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I have about four thoroughly edited unpublished novels right now, and I have accounted for a lot like: story (developmental editing), logic and consistency, flow and style, and now including for shorter sentences. For shorter sentences, I was mostly taught writing from an academic point of view. This being that in academic papers, long sentences and the use of the semi-colon being the norm and how I had to cut down completely when writing my novels. But anyway, I have about seven to eight revisions for one of my novels and about three for my second, two for my third, and two for my fourth. I have edited objectively but I was wondering when is it enough?

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You should stop editing when you don't think you're significantly improving the writing any more.

With that said, now may be the time to have an outside reader give you feedback. You might also want to do an edit that isn't for any errors or deep structural issues, but that tightens up the work, and removes anything excess or extraneous, so that the final book is lean (and closer to your word targets).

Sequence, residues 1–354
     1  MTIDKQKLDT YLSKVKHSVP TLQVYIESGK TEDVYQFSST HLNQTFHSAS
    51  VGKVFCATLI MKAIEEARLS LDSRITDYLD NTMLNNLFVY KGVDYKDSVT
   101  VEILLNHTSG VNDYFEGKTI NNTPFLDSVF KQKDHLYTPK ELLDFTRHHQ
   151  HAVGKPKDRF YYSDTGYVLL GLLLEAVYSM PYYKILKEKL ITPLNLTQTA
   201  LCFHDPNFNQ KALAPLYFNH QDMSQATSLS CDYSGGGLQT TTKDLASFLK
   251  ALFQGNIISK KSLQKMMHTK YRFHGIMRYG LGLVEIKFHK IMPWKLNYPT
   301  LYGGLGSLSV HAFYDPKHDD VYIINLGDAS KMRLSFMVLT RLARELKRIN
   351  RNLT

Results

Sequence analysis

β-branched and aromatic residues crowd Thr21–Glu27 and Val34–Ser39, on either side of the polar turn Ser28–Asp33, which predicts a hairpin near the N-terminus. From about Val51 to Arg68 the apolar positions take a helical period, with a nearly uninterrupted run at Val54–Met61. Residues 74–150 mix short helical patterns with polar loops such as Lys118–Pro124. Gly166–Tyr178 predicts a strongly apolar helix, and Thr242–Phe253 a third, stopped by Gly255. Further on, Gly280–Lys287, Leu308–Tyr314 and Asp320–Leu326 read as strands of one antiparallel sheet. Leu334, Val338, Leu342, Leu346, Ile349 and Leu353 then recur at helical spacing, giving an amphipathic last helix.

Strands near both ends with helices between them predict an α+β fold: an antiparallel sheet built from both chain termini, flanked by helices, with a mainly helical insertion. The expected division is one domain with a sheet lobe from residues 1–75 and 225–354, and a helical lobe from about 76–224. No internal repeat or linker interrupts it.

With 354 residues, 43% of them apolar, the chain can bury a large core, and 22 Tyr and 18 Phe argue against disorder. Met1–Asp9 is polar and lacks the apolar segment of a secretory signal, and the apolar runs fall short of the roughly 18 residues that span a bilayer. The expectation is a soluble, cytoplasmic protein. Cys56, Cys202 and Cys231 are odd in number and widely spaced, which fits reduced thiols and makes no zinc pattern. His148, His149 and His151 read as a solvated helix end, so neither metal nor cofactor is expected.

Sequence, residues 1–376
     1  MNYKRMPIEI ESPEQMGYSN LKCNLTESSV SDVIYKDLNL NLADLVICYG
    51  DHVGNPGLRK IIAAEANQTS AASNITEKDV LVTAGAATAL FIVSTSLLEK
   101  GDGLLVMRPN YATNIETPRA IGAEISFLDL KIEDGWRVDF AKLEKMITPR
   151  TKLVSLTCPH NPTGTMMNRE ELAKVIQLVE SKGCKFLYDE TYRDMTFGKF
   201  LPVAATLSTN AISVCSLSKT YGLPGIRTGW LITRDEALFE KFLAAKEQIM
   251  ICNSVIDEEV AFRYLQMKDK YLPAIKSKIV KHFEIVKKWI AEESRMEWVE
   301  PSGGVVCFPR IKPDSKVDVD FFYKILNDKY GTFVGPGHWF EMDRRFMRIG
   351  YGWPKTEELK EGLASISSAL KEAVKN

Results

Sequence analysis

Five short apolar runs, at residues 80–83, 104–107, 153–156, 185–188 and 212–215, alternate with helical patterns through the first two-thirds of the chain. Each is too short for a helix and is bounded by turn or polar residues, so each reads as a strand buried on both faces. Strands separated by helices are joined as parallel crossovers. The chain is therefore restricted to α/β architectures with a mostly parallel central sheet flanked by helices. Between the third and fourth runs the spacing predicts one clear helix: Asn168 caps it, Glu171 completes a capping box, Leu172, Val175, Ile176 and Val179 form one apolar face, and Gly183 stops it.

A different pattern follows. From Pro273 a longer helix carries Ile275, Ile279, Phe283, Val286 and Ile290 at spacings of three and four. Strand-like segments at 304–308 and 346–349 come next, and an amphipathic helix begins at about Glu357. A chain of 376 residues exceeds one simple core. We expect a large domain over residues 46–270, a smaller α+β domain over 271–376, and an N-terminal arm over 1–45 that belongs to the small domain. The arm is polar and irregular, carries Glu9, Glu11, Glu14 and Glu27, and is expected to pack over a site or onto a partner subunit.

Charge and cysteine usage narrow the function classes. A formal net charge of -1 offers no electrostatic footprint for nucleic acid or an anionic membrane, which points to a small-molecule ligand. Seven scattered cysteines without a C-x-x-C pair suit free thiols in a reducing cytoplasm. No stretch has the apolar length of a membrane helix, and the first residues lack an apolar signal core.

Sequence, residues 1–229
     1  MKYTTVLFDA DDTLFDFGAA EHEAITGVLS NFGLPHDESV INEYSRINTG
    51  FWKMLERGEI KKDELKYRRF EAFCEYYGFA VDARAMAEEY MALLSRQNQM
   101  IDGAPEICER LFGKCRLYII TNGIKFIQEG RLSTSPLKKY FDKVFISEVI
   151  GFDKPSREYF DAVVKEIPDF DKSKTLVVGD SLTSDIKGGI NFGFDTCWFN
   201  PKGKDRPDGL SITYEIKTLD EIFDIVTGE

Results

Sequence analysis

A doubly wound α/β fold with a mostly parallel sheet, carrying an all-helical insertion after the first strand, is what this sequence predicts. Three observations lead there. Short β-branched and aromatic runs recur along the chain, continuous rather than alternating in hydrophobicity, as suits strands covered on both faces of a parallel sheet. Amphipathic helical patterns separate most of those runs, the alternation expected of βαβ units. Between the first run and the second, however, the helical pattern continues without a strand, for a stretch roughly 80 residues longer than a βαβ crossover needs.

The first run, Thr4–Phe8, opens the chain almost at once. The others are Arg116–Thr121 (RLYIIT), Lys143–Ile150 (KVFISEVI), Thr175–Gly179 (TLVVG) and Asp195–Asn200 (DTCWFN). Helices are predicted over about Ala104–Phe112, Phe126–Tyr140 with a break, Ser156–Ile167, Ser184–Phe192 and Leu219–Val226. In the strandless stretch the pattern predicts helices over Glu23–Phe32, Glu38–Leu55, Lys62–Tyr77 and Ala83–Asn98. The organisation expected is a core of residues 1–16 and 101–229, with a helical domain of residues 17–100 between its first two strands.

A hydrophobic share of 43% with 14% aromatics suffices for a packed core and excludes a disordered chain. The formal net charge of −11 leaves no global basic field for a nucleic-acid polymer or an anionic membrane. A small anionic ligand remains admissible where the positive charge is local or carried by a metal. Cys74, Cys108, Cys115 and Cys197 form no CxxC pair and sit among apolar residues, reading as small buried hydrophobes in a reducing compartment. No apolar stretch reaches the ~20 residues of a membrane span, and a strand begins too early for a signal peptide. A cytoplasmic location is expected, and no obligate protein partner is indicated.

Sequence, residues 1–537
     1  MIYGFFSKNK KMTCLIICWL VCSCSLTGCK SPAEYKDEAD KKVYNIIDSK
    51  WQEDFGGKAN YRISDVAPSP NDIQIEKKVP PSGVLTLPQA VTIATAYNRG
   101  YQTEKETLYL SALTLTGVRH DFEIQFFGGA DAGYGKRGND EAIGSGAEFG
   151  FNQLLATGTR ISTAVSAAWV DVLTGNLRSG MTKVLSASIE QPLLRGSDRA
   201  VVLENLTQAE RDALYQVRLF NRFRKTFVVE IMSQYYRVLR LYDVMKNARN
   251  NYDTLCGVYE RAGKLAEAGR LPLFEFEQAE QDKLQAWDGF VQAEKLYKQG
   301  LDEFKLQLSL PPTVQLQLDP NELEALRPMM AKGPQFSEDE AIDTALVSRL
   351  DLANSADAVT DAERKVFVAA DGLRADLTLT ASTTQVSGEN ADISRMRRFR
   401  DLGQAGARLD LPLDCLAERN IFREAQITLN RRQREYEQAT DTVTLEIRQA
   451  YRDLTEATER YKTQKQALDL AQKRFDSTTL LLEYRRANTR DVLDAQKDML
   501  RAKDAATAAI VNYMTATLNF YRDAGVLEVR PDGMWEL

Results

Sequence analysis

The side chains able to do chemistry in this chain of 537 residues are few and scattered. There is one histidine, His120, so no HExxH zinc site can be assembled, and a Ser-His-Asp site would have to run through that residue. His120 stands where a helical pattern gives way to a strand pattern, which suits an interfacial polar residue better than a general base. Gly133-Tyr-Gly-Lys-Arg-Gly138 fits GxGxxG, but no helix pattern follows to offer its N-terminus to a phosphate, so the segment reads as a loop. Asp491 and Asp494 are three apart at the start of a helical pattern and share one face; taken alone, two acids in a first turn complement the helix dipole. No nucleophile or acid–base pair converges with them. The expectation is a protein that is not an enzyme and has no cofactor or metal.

Also, I'm not necessarily a believer that every writer needs a professional editor, but you might want to think about hiring one when you get close to your final draft.

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  • I actually went ahead and hired a professional beta-reader and now they're going through it and marking anything I may have missed. I am just doing this for two of my novels because one of them has already been thoroughly edited. This beta-reader will just find anything that I overlooked which are few. Just a couple of long sentences and commas that, for stylistic reasons, need to be removed. This is how I know I'm close to these manuscripts being done done and ready to publish. – JRosebrookMaye Feb 6 at 20:13

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